Born in Malmo, Sweden, ALBIN WALTER NORBLAD moved with his family to Grand Rapids, Michigan as a child. Leaving home at the age of twelve, he held a number of jobs before pursuing the study of business and then law. He began the practice of law in Michigan, where he won election as District Attorney of Delta County. While traveling in the west, he visited a friend in Astoria, Oregon and made the decision to move his family there. He practiced law, served as City Attorney from 1910 to 1915, and was on the local school board. He won election twice to the state Senate, and as Senate President in 1929, he succeeded to the governorship upon the death of Isaac L. Patterson. He was unable to rally the support he needed to deal with the state’s deepening economic crisis, costing him the Republican nomination for governor in his own right in 1930. Although the winner of the nomination—George Joseph—died within a month of receiving the nomination, Norblad declined further consideration. During his remaining time as governor, Norblad focused on addressing deteriorating economic conditions head on with organization of a labor commission that disbursed $2 million for road construction to help provide jobs for 5,000 people. He also helped secure federal assistance to settle a dispute between cattle and sheep ranchers in Eastern Oregon, established a State Pardons Board, brought Oregon’s industrial leaders together to discuss occupational safety improvements, and supported national legislation to implement a universal military draft. After leaving office, Norblad returned to Astoria and the practice of law.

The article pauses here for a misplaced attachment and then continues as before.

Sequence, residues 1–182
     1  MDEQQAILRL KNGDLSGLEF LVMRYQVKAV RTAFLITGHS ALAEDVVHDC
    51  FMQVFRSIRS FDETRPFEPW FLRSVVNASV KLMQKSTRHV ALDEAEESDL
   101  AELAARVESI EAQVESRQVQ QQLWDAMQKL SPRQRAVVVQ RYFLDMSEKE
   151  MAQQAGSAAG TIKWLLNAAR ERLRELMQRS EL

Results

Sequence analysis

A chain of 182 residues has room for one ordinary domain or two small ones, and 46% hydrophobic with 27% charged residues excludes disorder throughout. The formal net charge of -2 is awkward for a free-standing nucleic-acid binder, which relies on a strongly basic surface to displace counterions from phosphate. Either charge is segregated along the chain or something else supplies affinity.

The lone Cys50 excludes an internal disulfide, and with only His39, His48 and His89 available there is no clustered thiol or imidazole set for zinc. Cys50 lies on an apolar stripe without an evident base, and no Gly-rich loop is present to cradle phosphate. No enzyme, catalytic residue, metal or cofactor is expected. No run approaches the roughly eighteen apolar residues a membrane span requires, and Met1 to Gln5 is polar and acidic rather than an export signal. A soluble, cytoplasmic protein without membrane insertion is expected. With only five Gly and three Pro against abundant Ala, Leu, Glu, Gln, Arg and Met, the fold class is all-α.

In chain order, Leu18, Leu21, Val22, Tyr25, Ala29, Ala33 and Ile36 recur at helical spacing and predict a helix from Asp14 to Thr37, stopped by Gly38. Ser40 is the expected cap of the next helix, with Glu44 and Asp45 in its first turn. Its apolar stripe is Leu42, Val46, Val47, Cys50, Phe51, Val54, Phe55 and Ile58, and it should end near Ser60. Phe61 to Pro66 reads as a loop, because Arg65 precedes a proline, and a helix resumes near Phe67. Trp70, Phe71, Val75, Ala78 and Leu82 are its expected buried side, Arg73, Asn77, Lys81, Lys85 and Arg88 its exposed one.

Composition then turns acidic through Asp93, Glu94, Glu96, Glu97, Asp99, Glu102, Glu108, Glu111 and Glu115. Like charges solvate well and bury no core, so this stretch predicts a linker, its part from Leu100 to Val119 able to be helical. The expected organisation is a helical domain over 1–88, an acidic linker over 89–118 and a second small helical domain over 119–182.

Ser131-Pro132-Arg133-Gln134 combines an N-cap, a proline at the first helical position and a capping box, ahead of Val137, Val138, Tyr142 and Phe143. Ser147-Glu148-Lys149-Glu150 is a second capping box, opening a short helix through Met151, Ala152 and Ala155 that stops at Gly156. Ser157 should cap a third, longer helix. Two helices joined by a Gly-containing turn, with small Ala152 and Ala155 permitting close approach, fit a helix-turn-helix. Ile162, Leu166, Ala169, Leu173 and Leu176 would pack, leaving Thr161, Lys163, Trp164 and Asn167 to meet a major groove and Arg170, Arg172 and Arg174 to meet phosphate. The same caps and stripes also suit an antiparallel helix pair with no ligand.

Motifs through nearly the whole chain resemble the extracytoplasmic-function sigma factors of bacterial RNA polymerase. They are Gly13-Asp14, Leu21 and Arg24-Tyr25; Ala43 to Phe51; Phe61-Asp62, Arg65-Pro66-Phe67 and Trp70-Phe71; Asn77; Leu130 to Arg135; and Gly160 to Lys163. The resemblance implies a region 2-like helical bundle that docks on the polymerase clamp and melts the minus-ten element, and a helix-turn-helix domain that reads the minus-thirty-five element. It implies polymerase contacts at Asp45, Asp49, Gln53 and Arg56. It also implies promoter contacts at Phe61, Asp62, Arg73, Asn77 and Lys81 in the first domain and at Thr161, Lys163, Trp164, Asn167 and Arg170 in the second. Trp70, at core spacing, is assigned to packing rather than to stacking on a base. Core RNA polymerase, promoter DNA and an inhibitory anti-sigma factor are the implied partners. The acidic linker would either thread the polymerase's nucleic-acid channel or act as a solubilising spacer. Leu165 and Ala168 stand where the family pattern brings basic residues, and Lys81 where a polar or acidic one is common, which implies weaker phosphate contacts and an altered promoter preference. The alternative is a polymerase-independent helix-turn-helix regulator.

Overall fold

Sobel, Robert, and John Raimo, eds. Biographical Directory of the Governors of the United States, 1789-1978, Vol. 4. Westport, CT: Meckler Books, 1978. 4 vols.
The National Cyclopaedia of American Biography, Vol. D. New York: James T. White & Company.